I’ve just wrapped up my first full week of teaching my new class, Social Media in Society, and I have to admit I’m pretty excited with how it has progressed so far. This is a 400-level undergraduate class (see syllabus here), so I’ve structured it to be focused less on me lecturing and more on class interactions, and so far the students have exceeded my expectations. This is my area of expertise, so I’m not surprised how much I’m getting into the lesson preps, but social media is also so important in college students’ daily lives, that I’m too not surprised that they have many opinions. I’m just glad so many are voicing those opinions! Next week is going to be a fun week as we talk about online identities. Tuesday, I’m going to spend a fair amount of time talking about the nymwars and some of the fallout from Google+’s real-name policies. There’s been some great posts so far on this topic by danah boyd, Alice Marwick, Bernie Hogan, and others. There are so many great questions when thinking about the benefits and potential problems of being fully identifiable online; I’m especially interested to hear opinions from people who grew up in the Facebook age. For them, they’ve always had their real names associated with their online identity, at least in one location (which is probably the one they use the most).
This week, the most interesting thing to emerge from our class discussions is an obvious generation gap in terms of how we perceive email as a communication medium. Across the board, the students in the class saw email as communication for older people; it is slower, more formal and less social than other forms of communication like sending a text or posting on someone’s Facebook Wall. They associate email with work; one student said his immediate thought when he gets emails from certain people is, “what did I do wrong?” Meanwhile, I check my email every five minutes, send and receive several dozen emails every day, and can’t imagine communicating without email as a prime player in my communication repertoire.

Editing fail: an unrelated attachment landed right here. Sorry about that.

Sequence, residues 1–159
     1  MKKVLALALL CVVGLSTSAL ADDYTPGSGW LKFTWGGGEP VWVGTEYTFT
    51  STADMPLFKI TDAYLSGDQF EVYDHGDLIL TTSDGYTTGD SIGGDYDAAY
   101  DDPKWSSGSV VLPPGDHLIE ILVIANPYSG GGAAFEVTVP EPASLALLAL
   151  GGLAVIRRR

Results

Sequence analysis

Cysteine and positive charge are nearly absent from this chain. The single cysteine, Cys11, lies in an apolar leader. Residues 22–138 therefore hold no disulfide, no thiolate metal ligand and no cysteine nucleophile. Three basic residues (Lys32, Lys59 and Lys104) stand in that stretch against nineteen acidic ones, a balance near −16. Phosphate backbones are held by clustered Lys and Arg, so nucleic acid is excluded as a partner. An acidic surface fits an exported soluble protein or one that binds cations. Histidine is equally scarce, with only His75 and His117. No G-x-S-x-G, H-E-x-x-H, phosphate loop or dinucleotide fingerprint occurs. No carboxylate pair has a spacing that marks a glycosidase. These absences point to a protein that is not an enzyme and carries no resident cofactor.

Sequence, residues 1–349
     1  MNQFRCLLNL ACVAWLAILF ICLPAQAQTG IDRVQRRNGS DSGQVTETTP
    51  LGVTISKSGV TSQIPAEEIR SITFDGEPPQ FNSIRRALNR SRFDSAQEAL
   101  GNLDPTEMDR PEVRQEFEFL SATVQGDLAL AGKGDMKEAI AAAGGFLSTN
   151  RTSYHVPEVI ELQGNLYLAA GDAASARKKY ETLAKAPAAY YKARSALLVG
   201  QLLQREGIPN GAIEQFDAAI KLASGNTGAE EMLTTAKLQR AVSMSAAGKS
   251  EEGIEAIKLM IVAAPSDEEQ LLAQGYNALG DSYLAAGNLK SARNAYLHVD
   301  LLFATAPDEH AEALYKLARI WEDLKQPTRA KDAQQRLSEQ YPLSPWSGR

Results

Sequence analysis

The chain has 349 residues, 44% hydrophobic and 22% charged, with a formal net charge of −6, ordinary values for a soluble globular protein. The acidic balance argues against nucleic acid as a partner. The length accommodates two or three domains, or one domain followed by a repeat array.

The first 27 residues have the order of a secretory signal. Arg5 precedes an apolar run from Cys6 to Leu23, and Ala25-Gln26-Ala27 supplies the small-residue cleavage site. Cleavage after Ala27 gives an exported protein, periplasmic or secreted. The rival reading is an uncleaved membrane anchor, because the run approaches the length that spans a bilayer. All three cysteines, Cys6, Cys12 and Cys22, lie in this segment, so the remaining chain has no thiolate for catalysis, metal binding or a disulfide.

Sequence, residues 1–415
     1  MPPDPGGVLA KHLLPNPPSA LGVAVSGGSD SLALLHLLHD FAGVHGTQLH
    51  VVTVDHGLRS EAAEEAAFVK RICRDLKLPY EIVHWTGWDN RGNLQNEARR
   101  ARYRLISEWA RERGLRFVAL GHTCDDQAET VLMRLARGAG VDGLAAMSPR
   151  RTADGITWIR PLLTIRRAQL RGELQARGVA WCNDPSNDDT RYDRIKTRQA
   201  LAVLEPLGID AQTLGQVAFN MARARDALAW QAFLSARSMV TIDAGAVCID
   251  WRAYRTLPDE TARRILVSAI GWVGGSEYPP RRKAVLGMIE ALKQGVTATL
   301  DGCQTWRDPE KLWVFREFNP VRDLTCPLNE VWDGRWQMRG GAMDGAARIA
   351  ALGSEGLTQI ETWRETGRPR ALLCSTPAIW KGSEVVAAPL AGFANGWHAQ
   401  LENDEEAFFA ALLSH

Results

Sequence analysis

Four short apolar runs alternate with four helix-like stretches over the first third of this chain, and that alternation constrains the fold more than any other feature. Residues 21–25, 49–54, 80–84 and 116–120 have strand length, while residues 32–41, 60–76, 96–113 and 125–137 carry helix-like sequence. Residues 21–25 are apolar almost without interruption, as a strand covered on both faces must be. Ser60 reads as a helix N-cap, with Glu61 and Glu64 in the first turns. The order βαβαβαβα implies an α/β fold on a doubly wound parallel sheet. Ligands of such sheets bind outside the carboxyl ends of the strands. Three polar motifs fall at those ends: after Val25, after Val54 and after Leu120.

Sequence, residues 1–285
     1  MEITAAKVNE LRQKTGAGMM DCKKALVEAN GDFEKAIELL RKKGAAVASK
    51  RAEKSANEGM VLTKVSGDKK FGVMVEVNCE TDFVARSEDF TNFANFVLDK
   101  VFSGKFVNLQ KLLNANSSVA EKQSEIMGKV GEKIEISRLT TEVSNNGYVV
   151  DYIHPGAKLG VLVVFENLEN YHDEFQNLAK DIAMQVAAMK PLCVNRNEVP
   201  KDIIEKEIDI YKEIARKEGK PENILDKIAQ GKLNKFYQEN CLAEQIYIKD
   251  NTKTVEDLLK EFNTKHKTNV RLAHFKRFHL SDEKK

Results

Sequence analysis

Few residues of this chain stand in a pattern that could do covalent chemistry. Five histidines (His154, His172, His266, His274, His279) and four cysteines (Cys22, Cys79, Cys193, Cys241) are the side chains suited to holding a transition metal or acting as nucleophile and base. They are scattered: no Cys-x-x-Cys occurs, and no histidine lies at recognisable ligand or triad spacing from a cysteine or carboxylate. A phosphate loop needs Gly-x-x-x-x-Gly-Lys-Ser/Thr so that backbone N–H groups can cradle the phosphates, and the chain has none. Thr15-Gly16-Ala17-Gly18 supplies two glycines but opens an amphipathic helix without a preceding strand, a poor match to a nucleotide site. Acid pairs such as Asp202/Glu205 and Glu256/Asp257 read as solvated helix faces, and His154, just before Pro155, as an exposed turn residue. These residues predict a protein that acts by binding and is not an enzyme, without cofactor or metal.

I’m trying to incorporate social media into the class, although I’m already finding it difficult to successfully do without making use of a specific social media site a requirement. For example, about 2/3 of the class says they have a Twitter account so I’ve begun tweeting about the class with the hashtag #tc401; I’ve also encouraged them to tweet in and/or outside of class with questions. So far, it hasn’t caught on, but I’m hoping a quick walkthrough on Tuesday will pique their interest. As a class, we’re also trying an experiment involving Twitter: we’re creating a Twitter account and seeing how many followers we can get by the end of the semester. The class will make all decisions regarding the handle, image, description, and tweets. I really hope the class stays interested in this so we can see it through; they’ve already come up with a great concept for the account.
In other news, research continues to move forward, with work happening on my dissertation, a CHI paper, an iConference poster, and two journal articles.